Labour threatens showdown as talks on minimum wage collapse

Members of the organised labour on Tuesday threatened to paralyse the economy of the country if the federal government remains adamant to offer the Nigerian workers a living wage as demanded during this year’s May Day celebration.

The stern warning was handed to the government shortly after talks on the minimum wage among members of the tripartite committee collapsed —a development that made the meeting to be adjourned “sine die” (indefinitely).

Daily Trust had reported how the leadership of the organised comprising Nigeria Labour Congress (NLC) and the Trade Union Congress (TUC) two weeks ago walked out on the government representatives for offering Nigerian workers what they described as “paltry N48,000”.

A few days after the meeting was deadlocked, the representatives of the government jacked up the minimum wage to the sum of N54,000, members of the two labour centres frowned at it.

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At the resumed meeting on Tuesday, our correspondent gathered that representatives of the government rounded up the earlier N54,000 to N60,000 as new minimum wage. The offer, however, could not still halt the meeting from being deadlocked.


Negotiation suspended indefinitely

Speaking to our correspondent off the record after Tuesday’s meeting, some leaders of both NLC and TUC, lampooned the federal government over what they described as “lackadaisical attitude towards the welfare of workers”.

One of the labour leaders confirmed to Daily Trust that the meeting was postponed indefinitely because “there was no serious commitment on the part of the government.

“We were just beating about the bush at that meeting. There was no concrete resolution, moving on the same spot won’t do any of us any good. They said we should bring down our demands, we brought it down.

“From N615,000, we brought it down to the N497,000. Is that not reasonable enough? Was that not substantial enough? When it got to the government’s desk, they were just parabulating, they couldn’t offer any substantial amount.

“Don’t forget we have our clear analysis on how we arrived at our demands considering present economic realities. We didn’t just give an amount, it was after thorough findings we presented our demand but here we are again! No conclusion,” the labour leader told Daily Trust.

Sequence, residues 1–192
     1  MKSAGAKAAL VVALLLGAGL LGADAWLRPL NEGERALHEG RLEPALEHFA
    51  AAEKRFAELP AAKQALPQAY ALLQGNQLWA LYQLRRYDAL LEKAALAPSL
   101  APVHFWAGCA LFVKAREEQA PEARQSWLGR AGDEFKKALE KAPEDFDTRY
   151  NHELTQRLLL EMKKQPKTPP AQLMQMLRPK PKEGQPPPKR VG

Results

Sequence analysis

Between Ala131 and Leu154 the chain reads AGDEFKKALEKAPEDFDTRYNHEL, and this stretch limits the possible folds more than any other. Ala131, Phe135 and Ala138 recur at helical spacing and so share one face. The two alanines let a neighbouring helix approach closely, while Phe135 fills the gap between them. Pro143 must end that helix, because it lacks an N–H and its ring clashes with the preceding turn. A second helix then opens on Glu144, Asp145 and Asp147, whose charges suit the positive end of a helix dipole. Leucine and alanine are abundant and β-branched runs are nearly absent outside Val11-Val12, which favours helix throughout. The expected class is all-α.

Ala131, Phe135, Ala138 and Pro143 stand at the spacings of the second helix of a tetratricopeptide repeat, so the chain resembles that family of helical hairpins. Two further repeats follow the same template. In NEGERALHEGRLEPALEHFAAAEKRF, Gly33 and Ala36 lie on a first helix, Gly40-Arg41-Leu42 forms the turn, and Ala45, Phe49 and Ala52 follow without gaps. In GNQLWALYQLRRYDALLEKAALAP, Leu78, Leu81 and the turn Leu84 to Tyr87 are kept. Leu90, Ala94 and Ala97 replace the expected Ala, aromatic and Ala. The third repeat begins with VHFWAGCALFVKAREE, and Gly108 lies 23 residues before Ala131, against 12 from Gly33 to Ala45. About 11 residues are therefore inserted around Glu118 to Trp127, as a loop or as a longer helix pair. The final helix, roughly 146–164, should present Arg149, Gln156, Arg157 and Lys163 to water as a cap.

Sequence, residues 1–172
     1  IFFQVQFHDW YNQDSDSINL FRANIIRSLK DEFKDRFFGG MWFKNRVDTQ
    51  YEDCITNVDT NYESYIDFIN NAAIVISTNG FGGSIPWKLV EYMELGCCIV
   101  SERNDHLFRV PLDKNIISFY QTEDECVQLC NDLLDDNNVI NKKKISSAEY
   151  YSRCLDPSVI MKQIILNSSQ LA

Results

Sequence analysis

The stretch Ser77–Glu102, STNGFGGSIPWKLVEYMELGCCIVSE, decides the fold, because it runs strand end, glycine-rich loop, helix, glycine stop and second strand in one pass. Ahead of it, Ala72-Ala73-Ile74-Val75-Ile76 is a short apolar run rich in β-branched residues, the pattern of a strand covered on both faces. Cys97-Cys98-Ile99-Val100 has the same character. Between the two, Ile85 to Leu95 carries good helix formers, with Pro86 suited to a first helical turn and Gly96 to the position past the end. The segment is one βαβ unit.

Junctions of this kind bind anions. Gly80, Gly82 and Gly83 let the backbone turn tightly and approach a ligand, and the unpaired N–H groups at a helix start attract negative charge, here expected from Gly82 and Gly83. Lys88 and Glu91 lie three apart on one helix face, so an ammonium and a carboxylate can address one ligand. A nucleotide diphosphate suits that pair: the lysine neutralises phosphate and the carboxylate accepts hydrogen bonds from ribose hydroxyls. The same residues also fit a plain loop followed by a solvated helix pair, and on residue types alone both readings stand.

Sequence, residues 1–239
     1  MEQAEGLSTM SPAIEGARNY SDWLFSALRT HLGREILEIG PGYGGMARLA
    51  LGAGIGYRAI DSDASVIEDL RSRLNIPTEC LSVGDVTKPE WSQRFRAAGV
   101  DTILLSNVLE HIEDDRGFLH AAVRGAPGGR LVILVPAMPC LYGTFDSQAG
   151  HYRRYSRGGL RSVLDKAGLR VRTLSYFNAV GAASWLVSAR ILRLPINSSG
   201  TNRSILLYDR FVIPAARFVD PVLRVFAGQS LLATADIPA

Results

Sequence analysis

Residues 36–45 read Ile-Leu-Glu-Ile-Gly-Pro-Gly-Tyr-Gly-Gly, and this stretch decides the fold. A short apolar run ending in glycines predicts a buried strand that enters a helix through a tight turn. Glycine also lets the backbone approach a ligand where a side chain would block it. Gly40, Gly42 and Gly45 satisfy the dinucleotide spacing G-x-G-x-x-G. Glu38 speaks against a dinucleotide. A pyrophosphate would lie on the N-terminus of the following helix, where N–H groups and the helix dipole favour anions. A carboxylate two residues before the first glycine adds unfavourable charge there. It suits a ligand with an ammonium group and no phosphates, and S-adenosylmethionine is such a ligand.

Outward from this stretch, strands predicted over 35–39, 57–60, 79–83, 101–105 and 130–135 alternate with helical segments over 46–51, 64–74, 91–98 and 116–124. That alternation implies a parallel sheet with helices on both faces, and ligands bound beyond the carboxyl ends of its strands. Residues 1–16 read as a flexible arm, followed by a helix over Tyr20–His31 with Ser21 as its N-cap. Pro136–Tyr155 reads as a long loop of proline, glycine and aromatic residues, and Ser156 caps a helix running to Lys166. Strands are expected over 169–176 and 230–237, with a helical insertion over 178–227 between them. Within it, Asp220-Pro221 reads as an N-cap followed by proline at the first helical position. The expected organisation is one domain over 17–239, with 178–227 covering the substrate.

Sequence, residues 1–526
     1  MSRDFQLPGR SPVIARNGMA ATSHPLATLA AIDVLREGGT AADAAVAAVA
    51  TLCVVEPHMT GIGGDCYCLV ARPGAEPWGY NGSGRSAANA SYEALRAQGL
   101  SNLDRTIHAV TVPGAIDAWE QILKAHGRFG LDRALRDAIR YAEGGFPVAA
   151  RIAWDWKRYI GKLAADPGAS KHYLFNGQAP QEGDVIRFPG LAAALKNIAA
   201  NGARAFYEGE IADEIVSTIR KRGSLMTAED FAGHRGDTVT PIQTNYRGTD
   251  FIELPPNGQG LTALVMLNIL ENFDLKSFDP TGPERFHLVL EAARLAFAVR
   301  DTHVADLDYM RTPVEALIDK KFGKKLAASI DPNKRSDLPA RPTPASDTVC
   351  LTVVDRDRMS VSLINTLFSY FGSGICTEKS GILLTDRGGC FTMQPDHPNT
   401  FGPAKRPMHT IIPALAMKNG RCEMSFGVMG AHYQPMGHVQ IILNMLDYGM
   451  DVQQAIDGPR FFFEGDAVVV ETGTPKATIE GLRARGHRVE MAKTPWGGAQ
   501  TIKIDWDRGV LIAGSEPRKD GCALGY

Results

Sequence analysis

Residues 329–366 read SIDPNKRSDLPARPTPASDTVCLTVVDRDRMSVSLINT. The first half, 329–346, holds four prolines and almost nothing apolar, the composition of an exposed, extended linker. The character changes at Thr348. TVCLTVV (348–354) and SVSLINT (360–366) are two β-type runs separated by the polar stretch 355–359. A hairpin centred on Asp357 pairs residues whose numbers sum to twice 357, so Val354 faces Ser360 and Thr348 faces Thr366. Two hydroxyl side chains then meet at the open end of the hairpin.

When asked when the next meeting would be held, he said, “I don’t know. For now, no date. It was adjourned ‘sine die’, I think that means indefinitely. So, when they (government officials) are ready, we will meet again.”

Another labour leader, who also spoke behind the camera, when asked what next after May 31, which is the deadline for the ultimatum, he said members of the two labour centres would hold crucial meeting and take a stand.

He added, “With the way things are, Nigerian workers can’t wait till eternity. We may have activate our instrument if negotiation fails. I’m sure you know what the instrument means? I won’t say more than that.

Why we rejected N60,000 –Labour

Meanwhile, a cross-section of the labour leaders said they rejected the new offer of N60,000 because the present inflation is not coming down anytime soon.

“You know that, that N60,000 cannot buy a bag of rice as I’m talking to you. School fees are skyrocketing every day, the prices of other basic needs are not decreasing, so what kind of offer is that,” one of the labour leaders queried.

Several efforts made to reach out to both Presidents of the NLC and TUC, Joe Ajaero and Festus Osifo respectively proved abortive as calls to their mobile phones rang out. They were yet to reply to a separate text message sent to them at the time of filing this report.

In the same vein, calls pulled across to the Head of Information at NLC Headquarters, Benson Upah and the Assistant General Secretary of NLC, Chris Onyeka were not answered last night.

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